Asbury United Methodist Church was established by non-white members of Foundry
Methodist Episcopal Church in 1836. The latter was organized in 1814 in Washington
City and had black worshipers as members of its congregation from its inception.
Discriminatory conditions and parent-like control by their white brethren, however,
soon became intolerable to blacks. They were denied a voice in policy-making and
were hindered in attempts to achieve personal or group recognition. According to the
official history of the church, Asbury-Our Legacy, Our Faith
1836-1993, it remains questionable whether or not they were afforded the
sacraments and it is unlikely that they were permitted to participate in the choir
or to serve as ushers. It was not until September 27, 1833 when Eli Nugent became
the first of Foundry's black members to be granted an exhorter's license that
recognition of individual merit was acknowledged. However, the restriction that
generated the greatest displeasure within the black congregation was their
confinement to the church gallery section. This, together with the other intolerable
conditions, engendered in the members the idea for a separate church. Thus, rather
than continue their restricted relationship with Foundry, the black membership began
to meet in each other's homes.
A precursor to separation was the establishment of the Asbury Sunday School (Church
School) in 1829 by John F. Cook, a black man, (who later founded The First Colored
Presbyterian Church). By 1836 there is evidence that they had achieved their goal of
religious freedom. The Asbury Aid Society, established on January 15, 1836, formed
the nucleus of the church, and on Oct. 6, 1836, acting on behalf of the black
congregation, seven white trustees agreed to purchase property from William Billings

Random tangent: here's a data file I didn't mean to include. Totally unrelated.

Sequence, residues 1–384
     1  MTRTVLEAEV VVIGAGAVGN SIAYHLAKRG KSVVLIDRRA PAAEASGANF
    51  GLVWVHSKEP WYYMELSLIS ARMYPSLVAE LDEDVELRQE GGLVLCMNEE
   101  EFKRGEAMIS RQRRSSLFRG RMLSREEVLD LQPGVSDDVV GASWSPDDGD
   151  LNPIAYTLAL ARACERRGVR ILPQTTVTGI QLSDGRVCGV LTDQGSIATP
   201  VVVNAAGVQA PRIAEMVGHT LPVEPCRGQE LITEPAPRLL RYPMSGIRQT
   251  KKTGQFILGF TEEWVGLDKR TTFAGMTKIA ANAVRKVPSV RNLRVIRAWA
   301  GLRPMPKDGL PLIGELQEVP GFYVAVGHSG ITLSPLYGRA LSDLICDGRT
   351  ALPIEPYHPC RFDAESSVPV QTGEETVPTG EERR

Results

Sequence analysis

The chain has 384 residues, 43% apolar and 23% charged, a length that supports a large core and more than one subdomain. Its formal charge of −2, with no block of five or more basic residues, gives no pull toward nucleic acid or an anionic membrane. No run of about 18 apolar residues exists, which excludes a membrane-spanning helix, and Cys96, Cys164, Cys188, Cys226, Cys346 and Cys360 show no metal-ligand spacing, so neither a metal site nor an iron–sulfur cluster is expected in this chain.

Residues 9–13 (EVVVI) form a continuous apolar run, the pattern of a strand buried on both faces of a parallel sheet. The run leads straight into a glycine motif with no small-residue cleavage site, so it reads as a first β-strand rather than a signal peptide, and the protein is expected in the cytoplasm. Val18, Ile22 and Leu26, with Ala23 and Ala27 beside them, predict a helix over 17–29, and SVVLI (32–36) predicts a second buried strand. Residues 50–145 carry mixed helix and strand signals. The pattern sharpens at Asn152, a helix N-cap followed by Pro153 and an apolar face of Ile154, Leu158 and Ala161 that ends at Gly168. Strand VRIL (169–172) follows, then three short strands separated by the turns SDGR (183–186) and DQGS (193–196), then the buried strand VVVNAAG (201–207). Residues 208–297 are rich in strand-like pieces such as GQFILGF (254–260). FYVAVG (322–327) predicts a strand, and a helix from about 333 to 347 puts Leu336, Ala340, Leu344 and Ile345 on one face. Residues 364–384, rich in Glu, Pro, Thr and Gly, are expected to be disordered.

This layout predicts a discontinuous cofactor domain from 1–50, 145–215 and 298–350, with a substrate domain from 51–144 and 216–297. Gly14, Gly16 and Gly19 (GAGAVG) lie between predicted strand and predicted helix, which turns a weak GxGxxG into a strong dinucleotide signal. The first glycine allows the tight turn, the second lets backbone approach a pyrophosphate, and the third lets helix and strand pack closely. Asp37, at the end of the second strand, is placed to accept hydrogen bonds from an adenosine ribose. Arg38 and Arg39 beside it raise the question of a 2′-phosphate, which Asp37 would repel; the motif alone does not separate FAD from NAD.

for $300. Later that same year a frame building was erected on the site by black
brethren and dedicated as `Asbury Chapel.'
At the 1836 Quarterly Conference of Foundry ME Church, Asbury Chapel was officially
named “Asbury Methodist Episcopal Church” in honor of Bishop
Francis Asbury. This was the first edifice of the Asbury congregation and would
stand until 1866.
Prior to 1864 all black Methodist churches in the United States were part of the
Baltimore Conference. Black preachers, however, were not accepted as members of the
Conference and were relegated to being assistant helpers to the white pastors
assigned to black churches. Beginning in 1848 several unsuccessful attempts were
made to organize a conference for the black Methodists. Finally, in 1864, Rev.
Benjamin Brown, pastor of the Sharp Street Church in Baltimore, Maryland, called a
meeting of leaders of the sixteen black churches in the Baltimore Conference. They
successfully petitioned the 1864 General Conference to organize an Annual Conference
of black Methodist churches that would embrace Central, Southern, and Western
Maryland, the District of Columbia and Northern Virginia to be called the Washington
Annual Conference. Asbury Methodist Episcopal Church was included in this Conference
in October 1864 and Rev. James Peck was made the first black pastor in charge at
Asbury. Black trustees were also elected to succeed the formerly all-white trustees
In 1865 the Conference stationed Rev. Richard P. Bell at Asbury. During his one year
pastorate fund raising began for a new building. Rev. Julius Caesar Johnson,
appointed in September 1866, continued the work. Robert H. Robinson succeeded Rev.
Johnson in March 1869 and completed the new edifice in 1870.
During the remaining years of the 19th century the Asbury congregation was served by
eleven pastors. Rev. William W. Foreman, known as the “Lion of the
Forest,” was appointed in 1871. He was succeeded by Rev. Benjamin Brown
in 1873 who inspired Asbury brethren to build the Asbury Mission house. In 1874,
Rev. James J. Thomas was assigned to replace the paralyzed Rev. Brown. The next
pastor, Rev. James D.S. Hall, was considered one of the best preachers in the
Conference. But after serving only one year Rev. Hall was succeeded in 1878 by Rev.
Edward W.S. Peck who renovated the church and installed an organ.
By the time Rev. Peck was replaced by Rev. Nathaniel M. Carroll in 1881, nearly 150
new members had been added to the rolls. Rev. Carroll was the oldest living member
of the Washington Annual Conference and had been present at its organization in
1864. Both he and the two subsequent pastors would serve three years each. Rev.
Richard A. Reed arrived at Asbury in 1884 followed by Rev. John H. Dailey who took
charge in 1887.
In 1886 when the General Conference passed a law that a preacher could remain as long